for example), consequently enhancing the capabilities and the flexibility of the
sensor.


Two levels sensitivity and recalibration

       The transduction of the physical quantity, pressure in the specific case,
into an electrically measurable figure is performed though piezo-resistive
elements implanted on the surface of the of the silicon chip. This type of
transducers is sensitive to the stresses in the two coordinates defined with respect
to the plane where the elements are implanted in the chip (8). The stresses on the
piezo-resistors induce changes in their resistance that can be detected with rather
high accuracy as unbalance of a Wheaston bridge. The stresses on the chip
surface depend on the geometrical characteristics of the latter and on the forces
deriving from the applied pressure (9). Therefore transducers are usually placed
in such a way to have maximum response to the pressure changes and in order to
obtain a constant sensitivity. Normally small variations in the sensitivity are
undesirable as they complicate the calibration process and often reduce the
sensor accuracy. On the contrary, in the presented design, a drastical change in
the sensitivity as been conceived through a major variation of the sensor
geometry. This characteristic has been exploited to realize the two sensitivity
ranges.




Dept. of Mechanical Engineering                                 M.E.S.C.E Kuttippuram
Sensotronic Brake Control                                                         14




       The sensor consists of a membrane structure at which centre is placed a
cylindrical structure (a centreboss membrane) as shown in fig. 1. As the pressure
is applied, from top, the membrane will move freely downward: this determines a
rather sensitive sensor response, which will continue until 30 bar is reached. At
this point the cylinder will enter into contact with the silicon bulk plate.
Consequently the geometrical structure of the sensor will almost instantly
change: the membrane will not be able to move freely any more and will behave
more like a ring fixed at the two sides. The stiffness of the structure will
significantly increase, thus the building up of stresses due to pressure will reduce
and thereby the sensitivity will be roughly of a four factor smaller than the one
between 0 and 30 bar. This determines the low sensitivity range that is specified
up to 250bar. Fig. 2 summarises graphically what has been here above described.

       Moreover the cylindrical central structure makes the membrane fairly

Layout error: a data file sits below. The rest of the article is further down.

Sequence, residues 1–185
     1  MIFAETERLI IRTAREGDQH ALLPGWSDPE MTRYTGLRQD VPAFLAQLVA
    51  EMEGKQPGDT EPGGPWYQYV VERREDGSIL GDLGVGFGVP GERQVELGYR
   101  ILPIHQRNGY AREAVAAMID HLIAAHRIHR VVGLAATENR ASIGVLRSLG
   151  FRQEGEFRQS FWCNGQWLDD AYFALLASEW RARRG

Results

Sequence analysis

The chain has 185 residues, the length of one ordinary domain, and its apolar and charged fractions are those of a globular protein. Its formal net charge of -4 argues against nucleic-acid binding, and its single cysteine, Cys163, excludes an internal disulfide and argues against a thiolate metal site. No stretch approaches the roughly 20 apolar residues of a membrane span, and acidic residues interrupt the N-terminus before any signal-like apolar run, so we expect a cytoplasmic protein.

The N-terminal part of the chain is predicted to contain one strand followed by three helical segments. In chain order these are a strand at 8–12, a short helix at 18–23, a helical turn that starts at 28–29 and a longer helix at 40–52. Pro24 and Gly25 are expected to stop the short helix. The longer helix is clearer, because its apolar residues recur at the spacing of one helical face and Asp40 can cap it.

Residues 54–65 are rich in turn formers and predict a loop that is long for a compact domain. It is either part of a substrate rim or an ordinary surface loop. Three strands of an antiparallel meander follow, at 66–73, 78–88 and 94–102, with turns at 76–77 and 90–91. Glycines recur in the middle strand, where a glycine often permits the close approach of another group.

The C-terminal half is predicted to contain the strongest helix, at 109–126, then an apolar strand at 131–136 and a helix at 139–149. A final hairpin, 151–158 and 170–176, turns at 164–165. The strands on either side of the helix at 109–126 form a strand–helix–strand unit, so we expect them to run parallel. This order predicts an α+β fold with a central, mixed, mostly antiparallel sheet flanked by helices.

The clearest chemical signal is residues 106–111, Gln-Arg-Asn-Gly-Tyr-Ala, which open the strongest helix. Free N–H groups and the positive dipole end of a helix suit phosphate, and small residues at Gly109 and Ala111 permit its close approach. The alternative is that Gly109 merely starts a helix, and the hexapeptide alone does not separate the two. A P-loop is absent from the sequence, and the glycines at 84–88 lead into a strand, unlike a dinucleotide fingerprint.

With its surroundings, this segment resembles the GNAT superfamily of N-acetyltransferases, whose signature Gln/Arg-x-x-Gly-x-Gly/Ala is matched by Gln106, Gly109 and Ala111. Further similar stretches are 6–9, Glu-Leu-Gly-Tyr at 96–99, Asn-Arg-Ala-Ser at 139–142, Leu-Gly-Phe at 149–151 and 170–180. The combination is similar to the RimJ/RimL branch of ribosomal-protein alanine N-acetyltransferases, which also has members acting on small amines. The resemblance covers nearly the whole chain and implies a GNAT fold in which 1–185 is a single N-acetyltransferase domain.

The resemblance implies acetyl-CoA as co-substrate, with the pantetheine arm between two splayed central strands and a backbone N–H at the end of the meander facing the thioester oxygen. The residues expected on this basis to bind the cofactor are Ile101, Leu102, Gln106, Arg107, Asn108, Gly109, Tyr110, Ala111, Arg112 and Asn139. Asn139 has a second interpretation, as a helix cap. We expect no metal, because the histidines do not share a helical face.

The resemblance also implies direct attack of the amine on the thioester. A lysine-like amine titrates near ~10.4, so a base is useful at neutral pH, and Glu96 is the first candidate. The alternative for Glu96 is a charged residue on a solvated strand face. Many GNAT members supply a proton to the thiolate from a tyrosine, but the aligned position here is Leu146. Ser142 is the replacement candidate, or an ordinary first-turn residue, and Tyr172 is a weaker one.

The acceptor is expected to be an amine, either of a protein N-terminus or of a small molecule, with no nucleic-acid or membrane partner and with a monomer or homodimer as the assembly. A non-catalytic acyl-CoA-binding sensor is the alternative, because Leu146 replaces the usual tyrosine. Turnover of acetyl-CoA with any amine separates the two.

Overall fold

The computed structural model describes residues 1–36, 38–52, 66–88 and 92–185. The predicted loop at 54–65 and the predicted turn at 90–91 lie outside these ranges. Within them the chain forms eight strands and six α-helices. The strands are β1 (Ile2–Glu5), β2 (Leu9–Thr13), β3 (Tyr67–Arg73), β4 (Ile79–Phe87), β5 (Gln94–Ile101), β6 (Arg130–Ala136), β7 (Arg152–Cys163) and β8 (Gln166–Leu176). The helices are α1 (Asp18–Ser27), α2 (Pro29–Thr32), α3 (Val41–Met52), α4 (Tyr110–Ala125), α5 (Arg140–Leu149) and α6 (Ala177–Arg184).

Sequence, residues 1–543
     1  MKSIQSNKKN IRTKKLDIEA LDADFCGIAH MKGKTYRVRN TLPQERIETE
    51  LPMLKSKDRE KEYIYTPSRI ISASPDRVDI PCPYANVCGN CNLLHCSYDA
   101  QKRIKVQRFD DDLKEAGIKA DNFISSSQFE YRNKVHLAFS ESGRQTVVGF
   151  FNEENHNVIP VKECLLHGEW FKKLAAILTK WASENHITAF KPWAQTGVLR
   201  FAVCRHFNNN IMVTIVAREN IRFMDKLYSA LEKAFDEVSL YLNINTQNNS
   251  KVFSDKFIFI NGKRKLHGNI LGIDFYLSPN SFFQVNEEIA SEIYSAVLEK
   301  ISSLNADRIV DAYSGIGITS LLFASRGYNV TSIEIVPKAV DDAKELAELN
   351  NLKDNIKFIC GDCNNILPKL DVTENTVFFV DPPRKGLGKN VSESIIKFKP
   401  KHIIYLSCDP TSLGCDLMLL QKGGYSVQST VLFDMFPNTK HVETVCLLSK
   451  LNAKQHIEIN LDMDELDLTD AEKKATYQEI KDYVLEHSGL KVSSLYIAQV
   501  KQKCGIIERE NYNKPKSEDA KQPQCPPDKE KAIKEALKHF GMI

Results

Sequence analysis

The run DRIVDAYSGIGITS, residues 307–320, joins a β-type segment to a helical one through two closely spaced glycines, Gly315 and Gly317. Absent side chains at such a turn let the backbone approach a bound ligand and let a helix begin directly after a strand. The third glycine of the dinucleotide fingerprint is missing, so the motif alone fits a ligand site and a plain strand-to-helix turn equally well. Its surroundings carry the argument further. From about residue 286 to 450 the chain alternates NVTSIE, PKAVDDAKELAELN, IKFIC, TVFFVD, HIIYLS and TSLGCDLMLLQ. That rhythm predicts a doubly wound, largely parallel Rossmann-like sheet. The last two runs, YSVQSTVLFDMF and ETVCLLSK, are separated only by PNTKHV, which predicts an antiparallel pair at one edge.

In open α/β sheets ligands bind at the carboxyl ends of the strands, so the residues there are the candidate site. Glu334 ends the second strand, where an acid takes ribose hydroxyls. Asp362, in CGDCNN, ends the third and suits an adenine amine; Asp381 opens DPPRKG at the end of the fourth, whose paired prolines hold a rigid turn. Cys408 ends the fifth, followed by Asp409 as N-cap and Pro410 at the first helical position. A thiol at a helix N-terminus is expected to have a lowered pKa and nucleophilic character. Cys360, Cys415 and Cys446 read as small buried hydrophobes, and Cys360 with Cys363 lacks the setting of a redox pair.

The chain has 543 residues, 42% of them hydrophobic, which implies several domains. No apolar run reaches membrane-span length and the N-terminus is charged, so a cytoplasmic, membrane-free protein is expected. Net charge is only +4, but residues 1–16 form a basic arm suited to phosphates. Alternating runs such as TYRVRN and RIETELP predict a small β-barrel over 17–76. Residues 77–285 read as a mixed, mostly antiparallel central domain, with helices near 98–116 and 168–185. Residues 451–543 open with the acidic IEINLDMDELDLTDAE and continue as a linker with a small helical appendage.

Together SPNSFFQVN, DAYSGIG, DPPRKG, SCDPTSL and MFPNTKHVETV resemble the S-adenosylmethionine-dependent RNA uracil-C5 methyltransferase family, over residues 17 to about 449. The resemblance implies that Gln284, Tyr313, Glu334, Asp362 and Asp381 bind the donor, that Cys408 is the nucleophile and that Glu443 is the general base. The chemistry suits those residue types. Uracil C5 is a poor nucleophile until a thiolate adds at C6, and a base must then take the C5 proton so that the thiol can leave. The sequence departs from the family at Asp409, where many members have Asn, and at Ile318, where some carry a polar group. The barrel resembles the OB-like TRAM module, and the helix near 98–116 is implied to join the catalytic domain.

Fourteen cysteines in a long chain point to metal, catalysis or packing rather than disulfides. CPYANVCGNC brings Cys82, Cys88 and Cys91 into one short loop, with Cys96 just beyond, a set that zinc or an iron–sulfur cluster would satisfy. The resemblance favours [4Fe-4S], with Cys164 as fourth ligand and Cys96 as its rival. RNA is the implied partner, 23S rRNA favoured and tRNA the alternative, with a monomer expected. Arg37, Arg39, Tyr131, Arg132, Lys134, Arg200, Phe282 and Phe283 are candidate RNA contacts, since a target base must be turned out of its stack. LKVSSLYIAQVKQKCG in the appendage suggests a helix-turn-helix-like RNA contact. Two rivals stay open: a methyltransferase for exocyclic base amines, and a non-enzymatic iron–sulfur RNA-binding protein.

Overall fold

robust and resistant to overpressures.




Dept. of Mechanical Engineering                                 M.E.S.C.E Kuttippuram
Sensotronic Brake Control                                                       15




                                      Fig.2


      In silicon the elastic behaviour, opposed to the plastic one, is dominant.
Therefore silicon withstands stresses with almost unchanged characteristics: this
is what makes it a good material for sensors. Thus it can be expected that in the
described design the cylindrical central structure and the respective contact area
on the silicon bulk will remain stable. Consequently it can also be expected that
the pressure needed to generate the contact between the two parts will remain
constant through the sensor lifetime, thereby the transition between the two
sensitivity levels will take place always at the same pressure: in fig. 2 this is
defined as Recalibration point.

      Now, gathering this information together, a contact point is obtained,
which is: mechanically determined, constant and independent from the electrical
characteristics of the transducers. Therefore, if it is possible to evaluate a
procedure to determine this point though the normal sensor operation, than a
monitoring and correction of electrical instabilities such as offset drifts can be
achieved without need of a reference sensor or external action: a simple example
of how this could be obtained will be given in the next paragraph. Moreover, the
recalibration principle makes no use of internal actuation system, no actuator
control or extra technology is therefore needed: the sensor integrates what can be